1. This post was mentioned on Twitter by Debra Morrison, organizelifenow. organizelifenow said: 23. Simplifying Paper « The Heart of Organizing: A Blog: Today we look at the topic of organ… http://bit.ly/eFUh6V

  2. Rich Pasco says:

    Hi Andy!
    Thanks for another wonderful podcast! I thought you might be interested in a web page I put together on a similar topic:
    “Freedom from Paper–At Last:
    – Rich

  3. admin says:

    Rich, I enjoyed the article. Thanks for posting it. I have a few questions. Do the sheets of paper have to be perfectly straight, or can the scanner handle a certain amount of ruffled edges? Sometimes in filing cabinets pages get ruffled.

    Secondly, did you have any way to search or otherwise retrieve the information after you scanned it in? If you needed a particular document, how did you find it? Was it a lot of work to name or tag images, or did you have to spend a lot of time looking at a slide show of pictures until you found the one you wanted?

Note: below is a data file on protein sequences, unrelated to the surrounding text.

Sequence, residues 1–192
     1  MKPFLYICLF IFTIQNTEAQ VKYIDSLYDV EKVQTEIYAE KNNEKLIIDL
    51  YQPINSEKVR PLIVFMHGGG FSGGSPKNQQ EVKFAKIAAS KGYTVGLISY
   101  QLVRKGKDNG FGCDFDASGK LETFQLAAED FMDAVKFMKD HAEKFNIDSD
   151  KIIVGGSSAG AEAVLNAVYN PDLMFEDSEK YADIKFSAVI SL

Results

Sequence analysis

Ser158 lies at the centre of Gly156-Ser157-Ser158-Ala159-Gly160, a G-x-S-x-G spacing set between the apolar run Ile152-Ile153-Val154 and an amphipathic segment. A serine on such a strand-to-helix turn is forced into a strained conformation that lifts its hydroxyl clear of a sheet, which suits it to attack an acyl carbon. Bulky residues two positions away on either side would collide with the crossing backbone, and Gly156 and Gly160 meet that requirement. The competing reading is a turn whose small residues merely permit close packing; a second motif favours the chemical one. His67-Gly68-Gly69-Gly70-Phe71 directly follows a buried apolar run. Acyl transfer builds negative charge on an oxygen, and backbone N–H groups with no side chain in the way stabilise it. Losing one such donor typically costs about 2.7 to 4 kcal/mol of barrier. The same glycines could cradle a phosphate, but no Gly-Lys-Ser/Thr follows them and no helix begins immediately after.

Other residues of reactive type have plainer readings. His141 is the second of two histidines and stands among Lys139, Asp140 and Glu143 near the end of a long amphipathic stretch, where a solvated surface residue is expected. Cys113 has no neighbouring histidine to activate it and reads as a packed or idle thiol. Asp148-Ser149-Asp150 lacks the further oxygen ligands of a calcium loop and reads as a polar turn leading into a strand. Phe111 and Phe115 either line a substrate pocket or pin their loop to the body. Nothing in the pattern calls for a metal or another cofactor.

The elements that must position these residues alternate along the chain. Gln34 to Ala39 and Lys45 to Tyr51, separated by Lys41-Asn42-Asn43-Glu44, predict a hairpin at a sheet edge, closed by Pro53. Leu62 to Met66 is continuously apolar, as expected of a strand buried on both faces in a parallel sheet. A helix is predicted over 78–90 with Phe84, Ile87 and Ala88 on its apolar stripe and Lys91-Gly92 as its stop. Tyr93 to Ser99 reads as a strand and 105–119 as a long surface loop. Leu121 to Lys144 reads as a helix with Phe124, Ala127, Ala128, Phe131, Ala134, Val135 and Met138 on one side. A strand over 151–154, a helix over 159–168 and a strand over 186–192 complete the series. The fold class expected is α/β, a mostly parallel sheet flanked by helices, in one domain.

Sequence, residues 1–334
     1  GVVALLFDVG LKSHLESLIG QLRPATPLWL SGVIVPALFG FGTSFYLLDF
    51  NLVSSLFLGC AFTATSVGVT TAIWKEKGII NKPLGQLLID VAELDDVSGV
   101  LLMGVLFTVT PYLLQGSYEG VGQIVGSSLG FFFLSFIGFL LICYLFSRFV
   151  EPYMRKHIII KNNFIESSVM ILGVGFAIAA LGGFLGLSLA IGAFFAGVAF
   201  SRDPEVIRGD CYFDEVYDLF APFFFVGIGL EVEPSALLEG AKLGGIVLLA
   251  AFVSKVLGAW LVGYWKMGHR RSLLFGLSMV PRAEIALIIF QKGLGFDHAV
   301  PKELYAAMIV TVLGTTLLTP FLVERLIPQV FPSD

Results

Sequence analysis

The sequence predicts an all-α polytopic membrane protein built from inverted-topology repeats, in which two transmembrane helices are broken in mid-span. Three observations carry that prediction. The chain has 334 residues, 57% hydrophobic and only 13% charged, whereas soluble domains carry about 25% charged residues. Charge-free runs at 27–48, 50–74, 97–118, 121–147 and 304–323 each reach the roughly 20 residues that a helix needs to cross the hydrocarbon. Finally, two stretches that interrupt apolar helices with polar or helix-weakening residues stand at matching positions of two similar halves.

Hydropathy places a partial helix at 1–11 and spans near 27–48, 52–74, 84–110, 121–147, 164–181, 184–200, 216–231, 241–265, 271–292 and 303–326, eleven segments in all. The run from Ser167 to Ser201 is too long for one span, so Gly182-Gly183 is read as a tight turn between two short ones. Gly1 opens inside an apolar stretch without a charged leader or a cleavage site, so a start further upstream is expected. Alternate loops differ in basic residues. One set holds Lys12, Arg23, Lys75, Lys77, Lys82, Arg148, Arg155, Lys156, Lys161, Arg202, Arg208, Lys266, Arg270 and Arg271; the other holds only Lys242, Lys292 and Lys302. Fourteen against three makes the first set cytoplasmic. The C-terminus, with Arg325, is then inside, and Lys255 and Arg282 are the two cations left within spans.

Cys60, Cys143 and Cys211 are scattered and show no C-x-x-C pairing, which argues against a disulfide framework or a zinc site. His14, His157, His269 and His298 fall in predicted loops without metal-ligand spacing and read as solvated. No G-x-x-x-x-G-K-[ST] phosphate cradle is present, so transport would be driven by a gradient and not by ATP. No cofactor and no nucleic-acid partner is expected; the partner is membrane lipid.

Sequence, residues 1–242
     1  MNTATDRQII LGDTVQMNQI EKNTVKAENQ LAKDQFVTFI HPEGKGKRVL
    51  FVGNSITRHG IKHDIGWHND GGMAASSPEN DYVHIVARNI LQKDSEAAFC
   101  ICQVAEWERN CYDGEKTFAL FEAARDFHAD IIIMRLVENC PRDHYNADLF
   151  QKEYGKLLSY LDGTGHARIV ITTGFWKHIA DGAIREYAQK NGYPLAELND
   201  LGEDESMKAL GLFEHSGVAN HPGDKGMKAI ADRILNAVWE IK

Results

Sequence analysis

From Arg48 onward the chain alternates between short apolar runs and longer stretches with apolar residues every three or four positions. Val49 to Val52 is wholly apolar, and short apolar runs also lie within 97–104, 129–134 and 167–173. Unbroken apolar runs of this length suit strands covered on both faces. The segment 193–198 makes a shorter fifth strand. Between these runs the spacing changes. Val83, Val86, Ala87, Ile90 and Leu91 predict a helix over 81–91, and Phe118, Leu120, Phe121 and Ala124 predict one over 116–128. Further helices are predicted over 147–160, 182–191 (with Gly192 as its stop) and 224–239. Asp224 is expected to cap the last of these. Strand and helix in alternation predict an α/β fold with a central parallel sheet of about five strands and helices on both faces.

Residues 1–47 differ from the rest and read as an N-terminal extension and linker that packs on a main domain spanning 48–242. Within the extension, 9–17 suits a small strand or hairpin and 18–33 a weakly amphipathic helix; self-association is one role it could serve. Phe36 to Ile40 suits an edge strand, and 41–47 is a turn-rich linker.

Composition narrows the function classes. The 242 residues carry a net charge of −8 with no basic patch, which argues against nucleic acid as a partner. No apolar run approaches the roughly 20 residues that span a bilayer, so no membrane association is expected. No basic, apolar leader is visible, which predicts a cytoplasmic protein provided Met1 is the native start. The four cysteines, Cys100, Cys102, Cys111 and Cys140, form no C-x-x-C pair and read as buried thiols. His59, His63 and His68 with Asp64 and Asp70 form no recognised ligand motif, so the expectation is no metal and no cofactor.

Was all your paper letter-sized? Did you have anything to scan that wasn’t standard sized, like greeting cards, business cards, handwritten notes, etc. If so, I’d be interested in hearing how that went.


  4. Rich Pasco says:

    How “ruffled” the edges can be depends on your scanner, of course. I am less than 100% satisfied with the paper feeder on my Canon DR-2080C in that regard. But they don’t make that model any more anyway, so maybe it’s been improved on newer models.

    I don’t go to a lot of trouble to “tag” my images for searching, but I do use my operating system’s folders and filenames to keep things organized. For example: \my documents\money\amex\receipts\2011\20110208 Costco.tif

    My DR-2080C can handle any document size and shape up to US legal size with no problems. E-mail me privately for additional details.